On September 29, 2014, Governor Jerry Brown signed into law Senate Bill 628 (Chapter 785) which provides a mechanism for cities and counties to form Enhanced Infrastructure Financing Districts (EIFDs) to divert property tax increment revenues to fund public capital facilities, such as highways, parks, libraries, transit facilities, brownfield restoration, development on former military bases, and the acquisition, construction, or rehabilitation of housing for persons of low and moderate income.

The EIFDs are upgrades to existing Infrastructure Financing Districts (IFDs), a mechanism that has been in place for years but has seldom been used. In comparison to IFDs, EIFDs can be formed without voter approval, have longer terms (30 years after formation versus 45 years after issuance of bonds), the legislative body can issue bonds based upon a reduced percentage of voter approval (55% versus 66.67%), and EIFDs finance a greater range of public facilities. Given the vote requirement for the issuance of bonds, it is likely that the use of these districts will be in areas where there are fewer voters. In cases where there are fewer than 12 registered voters in the district, the vote is by the landowner or landowners in the district.

The EIFDs also contain certain safeguards to address some of the pitfalls of the redevelopment agencies. For example, cities and counties that previously formed redevelopment agencies may not form EIFDs, or participate in the governance or financing of an EIFD, until the successor agency or former redevelopment agency formed by the city or county first receives a finding of completion as specified in Section 34179.7 of the Health and Safety Code, certifies to the Department of Finance that no former redevelopment agency assets that are the subject of pending litigation involving the state, where the city or county, the successor agency, or the designated local authority are a named plaintiff will benefit the EIFD, and meets certain requirements imposed by the State Controller. These provisions were a subject of intense negotiation in the final days of the Legislature, but the final language seems acceptable to the various constituencies for now. Also, cleanup legislation can be expected early in the next legislative session.

Previous objections to tax increment financing were addressed in this legislation, which was proposed by Governor Brown’s administration. Local governments can choose not to participate in EIFDs and thereby preserve their tax increment revenue shares. If district boundaries overlap with the boundaries of any former redevelopment project area, any debt or obligation of an EIFD is subordinate to any and all enforceable obligations of the former redevelopment agency, but the legislative body of the city or county may dedicate any portion of its “net available revenue” (i.e., periodic distributions to the city or county from the Redevelopment Property Tax Trust Fund) to the EIFD. The “net available revenue” excludes certain funds, such as amounts allocated to preexisting legal commitments and statutory obligations, as well as amounts payable to certain school districts.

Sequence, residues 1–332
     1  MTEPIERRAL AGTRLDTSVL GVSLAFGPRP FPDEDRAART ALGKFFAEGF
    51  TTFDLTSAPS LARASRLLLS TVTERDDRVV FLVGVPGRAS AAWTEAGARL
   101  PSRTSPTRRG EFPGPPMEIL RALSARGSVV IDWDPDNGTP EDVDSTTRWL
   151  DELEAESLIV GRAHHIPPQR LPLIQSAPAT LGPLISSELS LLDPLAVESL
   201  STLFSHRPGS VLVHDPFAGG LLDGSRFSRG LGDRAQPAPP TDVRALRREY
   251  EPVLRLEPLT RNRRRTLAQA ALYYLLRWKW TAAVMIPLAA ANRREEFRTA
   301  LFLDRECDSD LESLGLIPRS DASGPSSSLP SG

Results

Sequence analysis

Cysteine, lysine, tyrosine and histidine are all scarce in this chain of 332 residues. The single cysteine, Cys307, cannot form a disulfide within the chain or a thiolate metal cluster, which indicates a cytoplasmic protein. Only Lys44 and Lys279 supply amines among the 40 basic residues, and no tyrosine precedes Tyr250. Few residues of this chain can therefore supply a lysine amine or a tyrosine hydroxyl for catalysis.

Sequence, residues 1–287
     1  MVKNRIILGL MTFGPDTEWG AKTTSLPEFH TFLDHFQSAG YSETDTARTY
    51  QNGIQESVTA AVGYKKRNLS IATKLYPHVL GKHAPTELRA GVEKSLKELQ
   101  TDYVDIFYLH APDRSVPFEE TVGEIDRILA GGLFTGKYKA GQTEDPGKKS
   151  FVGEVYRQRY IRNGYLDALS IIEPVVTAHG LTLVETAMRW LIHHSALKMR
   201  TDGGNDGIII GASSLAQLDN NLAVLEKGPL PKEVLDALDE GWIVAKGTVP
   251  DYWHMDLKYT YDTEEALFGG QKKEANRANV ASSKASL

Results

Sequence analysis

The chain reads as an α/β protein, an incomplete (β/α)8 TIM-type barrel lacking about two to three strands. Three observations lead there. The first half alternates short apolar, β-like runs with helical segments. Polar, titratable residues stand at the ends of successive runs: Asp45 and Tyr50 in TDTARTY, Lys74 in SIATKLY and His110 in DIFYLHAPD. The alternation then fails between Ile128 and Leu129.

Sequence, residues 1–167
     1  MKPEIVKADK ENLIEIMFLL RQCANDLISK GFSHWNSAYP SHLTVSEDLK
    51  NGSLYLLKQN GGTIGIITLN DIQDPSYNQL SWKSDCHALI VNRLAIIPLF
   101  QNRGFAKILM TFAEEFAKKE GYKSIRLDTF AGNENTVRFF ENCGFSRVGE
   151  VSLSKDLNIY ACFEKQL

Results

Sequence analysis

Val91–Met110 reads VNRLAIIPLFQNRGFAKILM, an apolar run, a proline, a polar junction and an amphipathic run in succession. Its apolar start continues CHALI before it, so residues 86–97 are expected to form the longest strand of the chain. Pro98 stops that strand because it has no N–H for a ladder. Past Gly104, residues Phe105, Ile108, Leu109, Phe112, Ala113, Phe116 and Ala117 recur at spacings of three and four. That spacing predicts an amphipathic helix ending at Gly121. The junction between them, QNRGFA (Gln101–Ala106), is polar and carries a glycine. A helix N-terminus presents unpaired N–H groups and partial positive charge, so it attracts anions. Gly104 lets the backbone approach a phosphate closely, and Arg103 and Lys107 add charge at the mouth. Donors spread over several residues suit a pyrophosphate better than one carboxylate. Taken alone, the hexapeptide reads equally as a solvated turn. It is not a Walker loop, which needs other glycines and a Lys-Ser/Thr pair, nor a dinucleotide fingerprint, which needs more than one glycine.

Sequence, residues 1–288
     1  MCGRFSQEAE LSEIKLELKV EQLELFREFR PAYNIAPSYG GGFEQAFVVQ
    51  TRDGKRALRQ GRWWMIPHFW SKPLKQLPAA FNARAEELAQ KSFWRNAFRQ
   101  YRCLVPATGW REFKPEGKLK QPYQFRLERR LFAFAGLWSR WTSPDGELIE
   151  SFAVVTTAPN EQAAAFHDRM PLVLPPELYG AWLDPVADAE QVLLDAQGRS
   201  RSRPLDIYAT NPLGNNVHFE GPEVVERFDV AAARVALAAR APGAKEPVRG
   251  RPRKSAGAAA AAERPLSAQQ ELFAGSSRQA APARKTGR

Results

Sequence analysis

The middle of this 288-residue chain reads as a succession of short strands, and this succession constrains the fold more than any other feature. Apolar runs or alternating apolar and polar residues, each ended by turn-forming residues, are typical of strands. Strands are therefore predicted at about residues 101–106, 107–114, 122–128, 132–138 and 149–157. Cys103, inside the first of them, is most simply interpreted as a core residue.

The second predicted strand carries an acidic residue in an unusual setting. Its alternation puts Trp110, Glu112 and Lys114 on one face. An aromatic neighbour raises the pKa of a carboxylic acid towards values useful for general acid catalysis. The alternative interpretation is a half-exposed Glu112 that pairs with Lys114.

The formation of an EIFD is a simpler process than for IFDs. A city or county may form an EIFD merely by adopting a resolution of intention that sets forth the boundaries of the district, the intended public works, and goals of the EIFD. The resolution must also make clear that incremental property tax revenue from the city or county and some or all affected taxing entities may be used to finance the public capital facilities and set forth the time and place for the public hearing. If the resolution is adopted, an infrastructure financing plan is prepared for the EIFD, which must be sent to each landowner and tax entity in the EIFD and must be reviewed at a public hearing. The EIFD is the only entity liable for any issued bonds, which means the city, county, state, or any of its political subdivisions would not be responsible for the debt. While the new public capital facilities cannot supersede existing facilities, they may supplement, rehabilitate, upgrade, or make more sustainable any existing facilities. The public capital facilities may also benefit areas outside the EIFDs, regardless of whether they are contiguous, if they have a tangible connection to the work of the EIFD. An independent financial and performance audit is to be conducted every two years after the EIFD has issued bonds.

If the EIFD results in the destruction of housing for persons of low and moderate income, SB 628 requires that the dwelling units be replaced within two years and that replacement affordable housing units remain available as affordable units by recorded covenants and restrictions for not less than 55 years for rental units and 45 years for owner-occupied units (unless subject to an equity sharing agreement). As noted, it is expected that cleanup legislation will be proposed to address issues raised by affordable housing advocates.

The Governor, however, signaled that he is not yet ready for more comprehensive legislation restoring tax increment financing. The Governor vetoed SB 1129 (post-redevelopment cleanup legislation) and AB 2280, which would have restored limited redevelopment powers in specified urban areas. The Governor’s veto message indicated that he was willing to explore redevelopment-type programs in disadvantaged communities, but he felt AB 2280 unnecessarily vests the proposed program in redevelopment law.

The statutes enacted pursuant to SB 628 are effective January 1, 2015, and will be codified at Government Code Sections 53398.50 et seq.